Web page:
The ER and Golgi apparatus make a lysosome
(2) The lysosome fuses with a digestive vacuole (3) Activated acid
hydrolases digest the contents
The centrosome, also called the "microtubule organizing center", is an area in the cell where microtubles are produced.
Within an animal cell centrosome there is a pair of small organelles, the centrioles, each made up of a ring of nine groups of microtubules. There are three fused microtubules in each group.
The two centrioles are arranged such that one is perpendicular to the other.
During animal cell division, the centrosome divides and the centrioles replicate (make new copies). The result is two centrosomes, each with its own pair of centrioles. The two centrosomes move to opposite ends of the nucleus, and from each centrosome, microtubules grow into a "spindle" which is responsible for separating replicated chromosomes into the two daughter cells.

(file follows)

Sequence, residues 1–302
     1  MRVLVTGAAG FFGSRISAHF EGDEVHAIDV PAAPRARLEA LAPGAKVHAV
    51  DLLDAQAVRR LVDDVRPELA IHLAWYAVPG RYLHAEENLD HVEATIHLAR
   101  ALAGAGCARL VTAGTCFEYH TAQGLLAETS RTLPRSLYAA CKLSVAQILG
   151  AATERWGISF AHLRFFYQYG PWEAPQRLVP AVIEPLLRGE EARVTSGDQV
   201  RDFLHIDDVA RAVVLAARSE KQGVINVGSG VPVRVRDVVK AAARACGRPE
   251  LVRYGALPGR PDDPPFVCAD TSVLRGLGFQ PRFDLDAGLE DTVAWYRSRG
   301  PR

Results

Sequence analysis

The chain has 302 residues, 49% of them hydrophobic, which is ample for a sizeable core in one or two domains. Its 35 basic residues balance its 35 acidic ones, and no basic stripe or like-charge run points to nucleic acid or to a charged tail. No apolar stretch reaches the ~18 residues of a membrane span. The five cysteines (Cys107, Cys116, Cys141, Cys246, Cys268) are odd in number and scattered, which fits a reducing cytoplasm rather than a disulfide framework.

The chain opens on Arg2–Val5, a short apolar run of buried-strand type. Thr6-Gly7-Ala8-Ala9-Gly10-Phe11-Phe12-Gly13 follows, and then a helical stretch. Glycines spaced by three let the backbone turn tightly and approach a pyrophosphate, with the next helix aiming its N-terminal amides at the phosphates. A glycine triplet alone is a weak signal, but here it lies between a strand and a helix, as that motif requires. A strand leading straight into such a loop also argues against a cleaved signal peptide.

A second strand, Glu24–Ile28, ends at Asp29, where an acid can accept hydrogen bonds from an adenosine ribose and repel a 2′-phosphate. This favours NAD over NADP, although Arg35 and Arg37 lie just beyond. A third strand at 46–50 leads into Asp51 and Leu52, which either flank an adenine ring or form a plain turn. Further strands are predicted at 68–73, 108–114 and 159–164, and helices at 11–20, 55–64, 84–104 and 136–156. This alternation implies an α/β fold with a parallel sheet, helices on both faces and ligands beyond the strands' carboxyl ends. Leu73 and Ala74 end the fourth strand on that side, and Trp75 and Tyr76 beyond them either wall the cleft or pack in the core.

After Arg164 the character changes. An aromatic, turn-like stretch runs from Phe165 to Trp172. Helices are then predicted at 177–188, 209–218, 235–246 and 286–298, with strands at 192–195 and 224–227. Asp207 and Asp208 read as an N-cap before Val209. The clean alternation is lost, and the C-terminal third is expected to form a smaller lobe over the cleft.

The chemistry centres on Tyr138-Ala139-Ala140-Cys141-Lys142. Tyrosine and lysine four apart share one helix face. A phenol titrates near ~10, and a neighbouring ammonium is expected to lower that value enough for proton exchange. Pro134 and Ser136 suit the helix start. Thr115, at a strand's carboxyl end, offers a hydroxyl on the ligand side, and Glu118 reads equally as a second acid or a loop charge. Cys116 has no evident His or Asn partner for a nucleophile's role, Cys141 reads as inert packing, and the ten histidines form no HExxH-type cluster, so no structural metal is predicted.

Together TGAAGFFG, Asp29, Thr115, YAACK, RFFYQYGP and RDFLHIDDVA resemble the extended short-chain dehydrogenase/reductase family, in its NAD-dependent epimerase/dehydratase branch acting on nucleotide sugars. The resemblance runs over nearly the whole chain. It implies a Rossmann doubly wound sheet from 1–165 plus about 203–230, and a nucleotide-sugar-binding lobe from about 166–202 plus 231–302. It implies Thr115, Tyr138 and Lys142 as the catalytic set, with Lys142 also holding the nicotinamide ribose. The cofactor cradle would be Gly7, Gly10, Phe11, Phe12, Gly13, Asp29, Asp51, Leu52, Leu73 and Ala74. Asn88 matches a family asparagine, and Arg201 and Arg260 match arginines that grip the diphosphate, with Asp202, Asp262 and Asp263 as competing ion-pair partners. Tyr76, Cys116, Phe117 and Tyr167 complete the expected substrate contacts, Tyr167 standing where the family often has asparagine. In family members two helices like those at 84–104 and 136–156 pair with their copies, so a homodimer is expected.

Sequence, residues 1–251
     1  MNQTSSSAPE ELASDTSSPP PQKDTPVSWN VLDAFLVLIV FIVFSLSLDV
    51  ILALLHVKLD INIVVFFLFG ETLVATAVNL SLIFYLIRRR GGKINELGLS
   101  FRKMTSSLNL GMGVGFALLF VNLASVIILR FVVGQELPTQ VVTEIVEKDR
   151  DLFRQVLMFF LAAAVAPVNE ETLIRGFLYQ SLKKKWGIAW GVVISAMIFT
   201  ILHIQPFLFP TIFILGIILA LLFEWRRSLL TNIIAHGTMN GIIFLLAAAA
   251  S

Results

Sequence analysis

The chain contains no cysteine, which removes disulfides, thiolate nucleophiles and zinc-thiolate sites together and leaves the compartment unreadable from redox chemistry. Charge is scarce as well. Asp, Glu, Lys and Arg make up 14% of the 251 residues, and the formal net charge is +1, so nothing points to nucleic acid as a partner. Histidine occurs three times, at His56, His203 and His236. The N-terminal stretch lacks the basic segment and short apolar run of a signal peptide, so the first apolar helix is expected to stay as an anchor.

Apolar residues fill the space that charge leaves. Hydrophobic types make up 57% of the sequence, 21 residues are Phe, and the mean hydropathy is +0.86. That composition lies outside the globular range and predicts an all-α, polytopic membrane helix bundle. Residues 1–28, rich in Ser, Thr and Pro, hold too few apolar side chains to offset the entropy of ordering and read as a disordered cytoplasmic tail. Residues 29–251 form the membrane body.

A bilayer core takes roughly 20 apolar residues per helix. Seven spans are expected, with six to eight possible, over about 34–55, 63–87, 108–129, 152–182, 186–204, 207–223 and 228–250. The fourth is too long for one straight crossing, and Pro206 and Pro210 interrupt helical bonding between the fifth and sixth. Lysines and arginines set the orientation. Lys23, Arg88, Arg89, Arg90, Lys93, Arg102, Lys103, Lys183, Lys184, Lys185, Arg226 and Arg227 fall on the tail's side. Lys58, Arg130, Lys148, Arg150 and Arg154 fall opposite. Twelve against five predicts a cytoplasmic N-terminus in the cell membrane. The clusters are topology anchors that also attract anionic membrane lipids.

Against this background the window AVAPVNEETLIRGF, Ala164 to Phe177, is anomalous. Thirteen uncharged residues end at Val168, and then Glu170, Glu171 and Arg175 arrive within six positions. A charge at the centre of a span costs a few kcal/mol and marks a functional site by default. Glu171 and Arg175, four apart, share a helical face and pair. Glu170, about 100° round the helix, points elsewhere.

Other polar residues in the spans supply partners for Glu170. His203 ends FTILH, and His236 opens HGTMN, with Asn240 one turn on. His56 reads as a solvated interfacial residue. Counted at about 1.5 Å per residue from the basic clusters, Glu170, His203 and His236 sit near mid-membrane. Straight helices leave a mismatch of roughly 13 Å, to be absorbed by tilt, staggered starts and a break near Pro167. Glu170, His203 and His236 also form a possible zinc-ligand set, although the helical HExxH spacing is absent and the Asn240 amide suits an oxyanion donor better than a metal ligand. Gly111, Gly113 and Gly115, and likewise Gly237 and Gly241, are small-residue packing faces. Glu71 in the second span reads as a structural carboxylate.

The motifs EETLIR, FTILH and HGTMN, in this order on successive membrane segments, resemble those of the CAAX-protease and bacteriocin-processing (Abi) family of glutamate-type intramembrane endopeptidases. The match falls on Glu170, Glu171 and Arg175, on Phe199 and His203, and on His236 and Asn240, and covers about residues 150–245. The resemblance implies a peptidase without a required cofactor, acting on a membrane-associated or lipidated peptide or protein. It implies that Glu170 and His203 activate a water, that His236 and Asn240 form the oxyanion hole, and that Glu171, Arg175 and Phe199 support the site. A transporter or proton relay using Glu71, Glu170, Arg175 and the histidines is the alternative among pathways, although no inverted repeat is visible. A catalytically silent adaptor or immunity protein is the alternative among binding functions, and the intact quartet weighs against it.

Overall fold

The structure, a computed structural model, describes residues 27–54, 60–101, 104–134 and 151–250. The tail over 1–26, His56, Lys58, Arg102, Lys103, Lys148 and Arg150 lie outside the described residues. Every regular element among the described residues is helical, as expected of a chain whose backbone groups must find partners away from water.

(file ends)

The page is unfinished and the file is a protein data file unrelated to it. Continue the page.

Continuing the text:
cilia are thread-like projections of certain cells that beat in a regular fashion to create currents that sweep materials along;
Flagella may extend to the rear of a cell and push it forward by snakelike wriggling, or stick out in front and draw it along.
We humans possess both flagella and cilia. Each sperm cell is propelled by a trailing flagellum that accelerates the little torpedo forward in its quest to fertilize an egg.
The cell organelle in which photosynthesis takes place. In this organelle the light energy of the sun is converted into chemical energy.
Chloroplasts are found only in plant cells not animal cells. The chemical energy that is produced by chloroplasts is finally used to make carbohydrates like starch, that get stored in the plant.
Chloroplasts contain tiny pigments called chlorophylls. Chlorophylls are responsible for trapping the light energy from the sun.